1911 Encyclopædia Britannica/Hölty, Ludwig Heinrich Christoph
HÖLTY, LUDWIG HEINRICH CHRISTOPH (1748-1776), German poet, was born on the 21st of December 1748 at the village of Mariensee in Hanover, where his father was pastor. In 1769 he went to study theology at Göttingen. Here he formed a close friendship with J. M. Miller, J. H. Voss, H. Boie, the brothers Stolberg and others, and became one of the founders of the famous society of young poets known as the Göttinger Dichterbund or Hain. When in 1774 he left the university he had abandoned all intention of becoming a clergyman; but he was not destined to enter any other profession. He died of consumption on the 1st of September 1776 at Hanover. Hölty was the most gifted lyric poet of the Göttingen circle. He was influenced both by Uz and Klopstock, but his love for the Volkslied and his delight in nature preserved him from the artificiality of the one poet and the unworldliness of the other. A strain of melancholy runs through all his lyrics. His ballads are the pioneers of the rich ballad literature on English models, which sprang up in Germany during the next few years. Among his most familiar poems may be mentioned Üb' immer Treu' und Redlichkeit, Tanzt dem schönen Mai entgegen, Rosen auf dem Weg gestreut, and Wer wollte sich mit Grillen plagen?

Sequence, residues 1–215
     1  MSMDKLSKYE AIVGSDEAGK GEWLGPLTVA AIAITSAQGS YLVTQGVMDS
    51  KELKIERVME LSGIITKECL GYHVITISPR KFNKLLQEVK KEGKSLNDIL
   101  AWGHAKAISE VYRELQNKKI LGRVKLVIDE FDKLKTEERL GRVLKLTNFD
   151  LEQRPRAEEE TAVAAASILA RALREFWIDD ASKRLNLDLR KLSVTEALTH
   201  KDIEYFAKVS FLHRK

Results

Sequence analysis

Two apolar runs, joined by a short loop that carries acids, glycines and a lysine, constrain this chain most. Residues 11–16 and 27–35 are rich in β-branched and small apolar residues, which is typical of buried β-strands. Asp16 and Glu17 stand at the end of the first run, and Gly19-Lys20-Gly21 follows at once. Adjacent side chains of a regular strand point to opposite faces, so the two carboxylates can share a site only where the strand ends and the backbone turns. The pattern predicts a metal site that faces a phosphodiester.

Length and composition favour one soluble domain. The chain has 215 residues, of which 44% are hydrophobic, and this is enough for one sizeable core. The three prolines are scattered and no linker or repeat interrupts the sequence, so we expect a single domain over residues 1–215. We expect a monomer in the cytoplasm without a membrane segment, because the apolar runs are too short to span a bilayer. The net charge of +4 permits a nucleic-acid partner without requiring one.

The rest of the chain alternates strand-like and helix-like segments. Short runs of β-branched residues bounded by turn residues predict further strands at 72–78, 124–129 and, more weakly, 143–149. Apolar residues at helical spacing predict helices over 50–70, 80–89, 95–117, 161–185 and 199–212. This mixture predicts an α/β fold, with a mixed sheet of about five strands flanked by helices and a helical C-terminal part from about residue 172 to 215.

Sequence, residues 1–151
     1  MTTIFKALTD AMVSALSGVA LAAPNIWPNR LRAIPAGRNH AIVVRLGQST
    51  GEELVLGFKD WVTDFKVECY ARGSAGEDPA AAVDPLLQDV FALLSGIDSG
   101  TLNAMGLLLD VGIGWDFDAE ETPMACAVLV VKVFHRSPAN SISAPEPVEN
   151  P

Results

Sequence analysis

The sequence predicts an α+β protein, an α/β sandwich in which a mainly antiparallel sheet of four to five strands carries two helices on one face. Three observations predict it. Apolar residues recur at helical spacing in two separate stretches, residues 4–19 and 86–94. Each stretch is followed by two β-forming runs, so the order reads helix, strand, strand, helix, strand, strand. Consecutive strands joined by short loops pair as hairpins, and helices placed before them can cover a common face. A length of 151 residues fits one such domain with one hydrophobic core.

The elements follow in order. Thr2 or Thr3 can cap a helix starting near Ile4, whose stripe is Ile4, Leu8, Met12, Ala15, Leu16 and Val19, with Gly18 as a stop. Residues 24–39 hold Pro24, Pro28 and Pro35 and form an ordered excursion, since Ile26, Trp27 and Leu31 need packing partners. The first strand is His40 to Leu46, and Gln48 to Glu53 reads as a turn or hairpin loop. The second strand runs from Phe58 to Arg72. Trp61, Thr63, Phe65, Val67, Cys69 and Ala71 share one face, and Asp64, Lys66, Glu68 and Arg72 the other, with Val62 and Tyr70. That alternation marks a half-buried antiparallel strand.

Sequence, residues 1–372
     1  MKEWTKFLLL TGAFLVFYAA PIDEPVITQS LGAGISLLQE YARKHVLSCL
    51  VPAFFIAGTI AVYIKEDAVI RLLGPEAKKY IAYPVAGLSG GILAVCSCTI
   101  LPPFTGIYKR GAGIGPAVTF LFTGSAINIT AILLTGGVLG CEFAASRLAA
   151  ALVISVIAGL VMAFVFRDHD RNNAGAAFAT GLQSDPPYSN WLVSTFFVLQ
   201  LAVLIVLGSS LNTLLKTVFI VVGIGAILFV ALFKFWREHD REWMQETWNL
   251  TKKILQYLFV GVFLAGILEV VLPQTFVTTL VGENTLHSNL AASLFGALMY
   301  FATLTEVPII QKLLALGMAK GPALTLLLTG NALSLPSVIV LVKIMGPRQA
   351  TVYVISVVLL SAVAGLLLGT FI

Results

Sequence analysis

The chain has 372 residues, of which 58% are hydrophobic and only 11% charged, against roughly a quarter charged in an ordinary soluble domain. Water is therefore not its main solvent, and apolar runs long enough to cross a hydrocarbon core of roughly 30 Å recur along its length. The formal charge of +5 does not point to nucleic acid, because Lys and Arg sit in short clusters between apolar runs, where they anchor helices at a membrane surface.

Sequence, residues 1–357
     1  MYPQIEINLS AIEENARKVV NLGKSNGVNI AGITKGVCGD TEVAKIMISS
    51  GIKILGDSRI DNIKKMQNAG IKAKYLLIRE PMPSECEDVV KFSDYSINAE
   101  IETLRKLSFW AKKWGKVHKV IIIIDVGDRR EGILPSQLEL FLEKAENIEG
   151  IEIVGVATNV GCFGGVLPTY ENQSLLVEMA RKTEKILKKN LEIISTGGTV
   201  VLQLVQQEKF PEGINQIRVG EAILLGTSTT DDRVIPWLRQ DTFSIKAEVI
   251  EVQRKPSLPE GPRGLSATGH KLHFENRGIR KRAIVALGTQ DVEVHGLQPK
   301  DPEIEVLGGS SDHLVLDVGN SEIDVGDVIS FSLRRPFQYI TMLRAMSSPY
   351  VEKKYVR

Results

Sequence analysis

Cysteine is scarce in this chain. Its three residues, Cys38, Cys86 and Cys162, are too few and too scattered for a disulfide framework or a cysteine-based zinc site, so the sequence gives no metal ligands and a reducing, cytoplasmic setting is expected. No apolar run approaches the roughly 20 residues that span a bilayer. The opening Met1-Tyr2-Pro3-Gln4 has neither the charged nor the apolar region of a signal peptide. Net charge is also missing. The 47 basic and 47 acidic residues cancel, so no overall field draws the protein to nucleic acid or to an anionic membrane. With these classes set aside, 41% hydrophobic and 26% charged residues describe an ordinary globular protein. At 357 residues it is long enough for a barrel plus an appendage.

Hölty's Gedichte were published by his friends Count Friedrich Leopold zu Stolberg and J. H. Voss (Hamburg, 1783); a new edition, enlarged by Voss, with a biography (1804); a more complete but still imperfect edition by F. Voigts (Hanover, 1857). The first complete edition was that of Karl Halm (Leipzig, 1870), who had access to MSS. not hitherto known. See H. Ruete, Hölty, sein Leben und Dichten (Guben, 1883), and A. Sauer, Der Göttinger Dichterbund, vol. ii. (Stuttgart, 1894), where an excellent selection of Hölty's poetry will be found.